An employer with 10 or more employees must provide each employee with a pay statement at the time wages are paid that specifically states the amount and general purpose of each deduction.

Be aware that where there is overlap between federal, state and/or local law, complying with the law that offers the greatest rights or benefits to the employee generally will apply.

Additional information on pay and benefits practices in Kentucky can be found in Payment of Wages: Kentucky, Health Care Continuation (COBRA): Kentucky and Does This Law Apply to My Organization in Kentucky? Federal requirements can be found in Payment of Wages: Federal and Health Care Continuation (COBRA): Federal.

Time Off and Leaves of Absence

Kentucky has several laws relating to required time off and leaves of absence for employees, which cover all employers. These laws include:

  • Adoption leave;
  • Court attendance leave;
  • Jury duty leave;
  • Voting leave;
  • Election official leave;
  • Military leave; and
  • Emergency responder leave.

Be aware that where there is overlap between federal, state and/or local law, complying with the law that offers the greatest rights or benefits to the employee generally will apply.

Additional information on time off and leave of absence practices in Kentucky can be found in the Kentucky Employee Handbook Table of Contents, Other Leaves: Kentucky, Jury Duty: Kentucky, USERRA: Kentucky and Does This Law Apply to My Organization in Kentucky? Federal requirements can be found in Other Leaves: Federal, Jury Duty: Federal and USERRA: Federal.

Health and Safety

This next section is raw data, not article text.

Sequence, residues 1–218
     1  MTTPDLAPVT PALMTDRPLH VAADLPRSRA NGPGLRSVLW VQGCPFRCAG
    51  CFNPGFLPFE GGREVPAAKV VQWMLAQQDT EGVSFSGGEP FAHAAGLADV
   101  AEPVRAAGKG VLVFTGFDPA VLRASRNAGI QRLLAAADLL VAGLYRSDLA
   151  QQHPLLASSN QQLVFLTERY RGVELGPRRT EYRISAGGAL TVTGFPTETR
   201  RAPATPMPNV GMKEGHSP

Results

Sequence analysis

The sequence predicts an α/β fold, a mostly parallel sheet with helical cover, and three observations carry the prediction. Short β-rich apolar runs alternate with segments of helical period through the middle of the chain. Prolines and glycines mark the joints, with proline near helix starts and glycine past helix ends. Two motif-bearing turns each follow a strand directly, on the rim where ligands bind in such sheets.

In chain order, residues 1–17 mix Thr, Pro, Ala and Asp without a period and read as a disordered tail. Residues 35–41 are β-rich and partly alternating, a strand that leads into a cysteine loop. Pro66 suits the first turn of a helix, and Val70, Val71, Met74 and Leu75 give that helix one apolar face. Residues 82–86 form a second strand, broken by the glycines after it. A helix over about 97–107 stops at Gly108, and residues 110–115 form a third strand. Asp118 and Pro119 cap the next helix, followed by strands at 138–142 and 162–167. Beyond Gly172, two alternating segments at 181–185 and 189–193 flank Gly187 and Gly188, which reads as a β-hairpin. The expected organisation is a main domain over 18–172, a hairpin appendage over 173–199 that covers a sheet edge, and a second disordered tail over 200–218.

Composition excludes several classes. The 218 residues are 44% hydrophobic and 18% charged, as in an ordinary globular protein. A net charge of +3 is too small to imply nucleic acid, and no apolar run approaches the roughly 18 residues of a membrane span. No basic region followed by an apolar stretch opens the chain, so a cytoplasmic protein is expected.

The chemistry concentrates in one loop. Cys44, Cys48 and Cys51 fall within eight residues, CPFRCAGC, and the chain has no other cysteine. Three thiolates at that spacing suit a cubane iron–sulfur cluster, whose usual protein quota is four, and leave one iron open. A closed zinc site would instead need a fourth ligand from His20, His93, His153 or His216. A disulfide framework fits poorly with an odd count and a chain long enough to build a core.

Key Kentucky requirements impacting health and safety are:

Weapons in the Workplace

Kentucky allows employees to keep legally concealed firearms and ammunition in their personal vehicle even on an employer's property. Employees also have the right to remove the gun from their car to defend themselves, someone else or the employee's property.

Safe Driving Practices

Kentucky prohibits texting while driving.

Be aware that where there is overlap between federal, state and/or local law, complying with the law that offers the greatest rights or benefits to the employee generally will apply.

Additional information on health and safety practices in Kentucky can be found in the Kentucky Employee Handbook Table of Contents, HR and Workplace Safety: Kentucky, Workplace Security: Kentucky, Kentucky Workplace Labor and Employment Law Posters and Does This Law Apply to My Organization in Kentucky? Federal requirements can be found in HR and Workplace Safety (OSHA Compliance): Federal and Workplace Security: Federal.

Organizational Exit

Key Kentucky requirements impacting organizational exit are:

Final Pay

Employees who either are terminated or resign from employment must be paid in full by the later of the next normal pay period or 14 days after the termination or resignation.

All wages owed to a deceased employee must be paid to the surviving spouse or, if there is none, to surviving children or to their guardian if they are minors. Before payment can be made, a determination must be made that there is no will providing for distribution of the wages otherwise, and that the value of the estate does not exceed $15,000.

References

Kentucky employers that provide information about the job performance, professional conduct or evaluation of a former or current employee to a prospective employer are immune from civil liability unless the employee can prove that:

  • The employer disclosed information knowing it was false, with reckless disregard for the truth or falseness of the information, and with the intent to mislead the prospective employer; or
  • The disclosure by the employer was unlawful discrimination under the Kentucky Civil Rights Act.

Be aware that where there is overlap between federal, state and/or local law, complying with the law that offers the greatest rights or benefits to the employee generally will apply.

Additional information on organizational exit practices in Kentucky can be found in Payment of Wages: Kentucky, Performance Appraisals: Kentucky and Does This Law Apply to My Organization in Kentucky?. Federal requirements can be found in Payment of Wages: Federal and Performance Appraisals: Federal.